I mentioned above that B12 is completely safe to take supplements - it doesn’t affect any medicine you may be taking (don’t stop your medication until/ unless your doctor says you should, even if the symptoms go away with B12 supplements), and you can take huge doses without any harm except that if you don’t need it, you’ve spent some money you didn’t need to. Mice have been tested with 100 million times the pharmacological dose, with no ill effects.
The guidance says that the body only needs around 35mcg per day of B12. That’s great if you are healthy and not sensitive to B12 deficiency, but there are people who need 1000mcg/day or even more in tablets to function, and some people who are injecting methylcobalamin every week or twice a week because they are really sick.
Just remember - cyanocobalamin is probably not going to work, if you are buying tablets then get the ones that contain methylcobalamin or adenosylcobalamin (or both), or hydroxocobalamin. You may need other vitamins and minerals as supplements - I recommend a one-a-day multivitamin multimineral which are fairly cheap, and they may have different mixes of vitamins and minerals but the differences are fairly unimportant. They don’t have enough B12 in though, you will need more B12 on top.
Frankie tells of how she suffered, the tests she had to endure until doctors worked out what was wrong, and what a difference it has made.
The Scottish Parliament discusses Pernicious Anaemia and vitamin B12 deficiency on Wednesday 7 March 2012.
This video is over 1 hour long and represents real political change - we are at last on our way.
Donna, like so many women, wants to live a normal life. Vitamin B12 could give her that chance.
Julia found her eyesight going as her eyes refused to focus on the same things as each other. She's been for all sorts of tests and treatment, but now that she's on B12 replacement therapy she's starting to see an improvement.
New documentary out from Elissa Leonard in North America, featuring Sally Pacholok and many other internationally renowned experts.
The definitive and original guide to B12 deficiency, Dr Chandy interviewed by Chris Jackson of UK BBC Inside Out Team broadcast 31 Oct 2008.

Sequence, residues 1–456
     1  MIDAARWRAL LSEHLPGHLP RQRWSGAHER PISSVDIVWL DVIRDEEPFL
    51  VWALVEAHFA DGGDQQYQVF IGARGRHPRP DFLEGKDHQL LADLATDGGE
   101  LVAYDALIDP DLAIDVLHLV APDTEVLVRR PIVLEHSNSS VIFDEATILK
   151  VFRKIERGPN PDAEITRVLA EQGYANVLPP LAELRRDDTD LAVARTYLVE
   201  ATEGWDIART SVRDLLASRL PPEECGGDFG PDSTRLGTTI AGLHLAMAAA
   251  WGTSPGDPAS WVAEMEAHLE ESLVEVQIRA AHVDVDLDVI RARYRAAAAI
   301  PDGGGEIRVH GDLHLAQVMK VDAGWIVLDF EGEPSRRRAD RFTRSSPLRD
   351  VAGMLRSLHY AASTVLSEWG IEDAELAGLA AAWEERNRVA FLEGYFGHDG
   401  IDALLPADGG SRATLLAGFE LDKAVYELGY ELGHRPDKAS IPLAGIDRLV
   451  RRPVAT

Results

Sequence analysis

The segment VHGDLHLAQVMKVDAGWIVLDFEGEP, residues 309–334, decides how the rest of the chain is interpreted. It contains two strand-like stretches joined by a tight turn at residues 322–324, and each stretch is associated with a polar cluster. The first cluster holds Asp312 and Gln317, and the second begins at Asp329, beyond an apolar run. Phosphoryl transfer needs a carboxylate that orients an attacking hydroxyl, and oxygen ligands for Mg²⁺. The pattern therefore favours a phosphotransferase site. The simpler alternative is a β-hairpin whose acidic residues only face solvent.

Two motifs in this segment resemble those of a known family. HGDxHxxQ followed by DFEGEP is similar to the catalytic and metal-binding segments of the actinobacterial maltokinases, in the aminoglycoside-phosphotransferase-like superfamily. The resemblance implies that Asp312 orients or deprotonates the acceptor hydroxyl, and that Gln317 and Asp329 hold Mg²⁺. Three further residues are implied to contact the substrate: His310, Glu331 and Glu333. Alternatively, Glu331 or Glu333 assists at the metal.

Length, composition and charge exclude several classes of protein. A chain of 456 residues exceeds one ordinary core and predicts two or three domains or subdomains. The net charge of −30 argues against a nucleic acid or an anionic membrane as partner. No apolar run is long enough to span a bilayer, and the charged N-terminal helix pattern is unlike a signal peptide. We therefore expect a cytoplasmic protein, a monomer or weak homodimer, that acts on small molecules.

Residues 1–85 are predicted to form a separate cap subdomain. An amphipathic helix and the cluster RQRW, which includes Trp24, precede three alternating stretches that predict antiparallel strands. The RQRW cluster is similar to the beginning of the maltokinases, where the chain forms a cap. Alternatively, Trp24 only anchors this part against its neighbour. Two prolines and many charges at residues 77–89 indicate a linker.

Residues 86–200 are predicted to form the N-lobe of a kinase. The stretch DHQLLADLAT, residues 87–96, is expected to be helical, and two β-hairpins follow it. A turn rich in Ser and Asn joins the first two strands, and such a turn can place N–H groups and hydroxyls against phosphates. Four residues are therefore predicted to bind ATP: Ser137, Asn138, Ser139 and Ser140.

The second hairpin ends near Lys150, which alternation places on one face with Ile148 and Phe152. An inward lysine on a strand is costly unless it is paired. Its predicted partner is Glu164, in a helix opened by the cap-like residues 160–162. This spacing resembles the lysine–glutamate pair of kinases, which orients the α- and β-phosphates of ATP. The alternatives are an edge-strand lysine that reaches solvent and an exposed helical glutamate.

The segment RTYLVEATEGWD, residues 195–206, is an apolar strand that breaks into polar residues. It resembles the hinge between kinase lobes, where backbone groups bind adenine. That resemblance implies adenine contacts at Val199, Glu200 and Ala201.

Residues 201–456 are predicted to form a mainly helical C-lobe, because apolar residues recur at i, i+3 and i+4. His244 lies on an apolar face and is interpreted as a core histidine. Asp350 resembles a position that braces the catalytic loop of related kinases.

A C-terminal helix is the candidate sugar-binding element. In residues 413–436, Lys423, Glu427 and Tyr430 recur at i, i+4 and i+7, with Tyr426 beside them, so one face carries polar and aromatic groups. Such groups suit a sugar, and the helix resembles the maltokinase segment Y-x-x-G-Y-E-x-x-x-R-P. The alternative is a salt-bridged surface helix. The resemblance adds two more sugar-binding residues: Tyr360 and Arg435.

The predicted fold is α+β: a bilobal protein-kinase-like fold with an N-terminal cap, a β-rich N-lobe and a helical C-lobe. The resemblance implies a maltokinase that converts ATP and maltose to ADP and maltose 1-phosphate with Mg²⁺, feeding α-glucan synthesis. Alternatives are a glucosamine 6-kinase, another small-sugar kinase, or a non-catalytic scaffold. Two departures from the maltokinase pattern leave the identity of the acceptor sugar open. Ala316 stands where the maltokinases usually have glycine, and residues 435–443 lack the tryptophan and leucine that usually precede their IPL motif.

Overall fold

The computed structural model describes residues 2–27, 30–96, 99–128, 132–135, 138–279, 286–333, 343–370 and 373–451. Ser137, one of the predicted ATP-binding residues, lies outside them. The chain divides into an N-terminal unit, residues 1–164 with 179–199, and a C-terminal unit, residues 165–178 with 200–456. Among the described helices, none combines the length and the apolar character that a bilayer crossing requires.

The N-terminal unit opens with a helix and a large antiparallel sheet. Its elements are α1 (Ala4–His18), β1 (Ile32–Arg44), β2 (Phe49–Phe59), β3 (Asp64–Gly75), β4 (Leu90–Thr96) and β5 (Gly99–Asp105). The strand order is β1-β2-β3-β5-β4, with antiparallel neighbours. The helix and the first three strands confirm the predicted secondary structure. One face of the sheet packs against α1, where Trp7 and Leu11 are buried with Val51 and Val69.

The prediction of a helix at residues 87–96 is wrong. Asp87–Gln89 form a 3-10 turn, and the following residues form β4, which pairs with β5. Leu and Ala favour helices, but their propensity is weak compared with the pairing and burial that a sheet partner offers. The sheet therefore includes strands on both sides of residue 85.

Dr Joseph Chandy explains symptoms and shows the restorative effect on one patient (other patients' families have asked that we edit out their stories unfortunately)
Dr Chandy was nominated for the North East Local Heroes award. The interviewer was at first surprised - people don't get awards for doing what they are paid to do - but she persisted.
The local MP (Grahame Morris MP for Easington - who was a BMS (BioMedical Scientist) in the labs at Sunderland Royal Infirmary) interviews people with B12 deficiency to hear their story (August 27 2010). Here Jane describes the symptoms, and how she can't wait for her next B12 injection (in fact, she knows that she needs injections every 2 weeks because she's keeping a diary of the symptoms). We're restricted how often the GP can give injections, which is why we want to raise awareness.
June describes her suffering when doctors didn't follow the standard protocol after any stomach or intestinal operation - to offer B12 replacement therapy
Janette first appeared in the BBC InsideOut documentary in October 2006. Since then the NHS has forced her doctor to withdraw B12 replacement therapy on a number of occasions, and she tells of her struggles with having B12 and then having it taken away.
She has bravely agreed to be filmed without her usual wig, but her memory is playing up because it is so long since her last injection.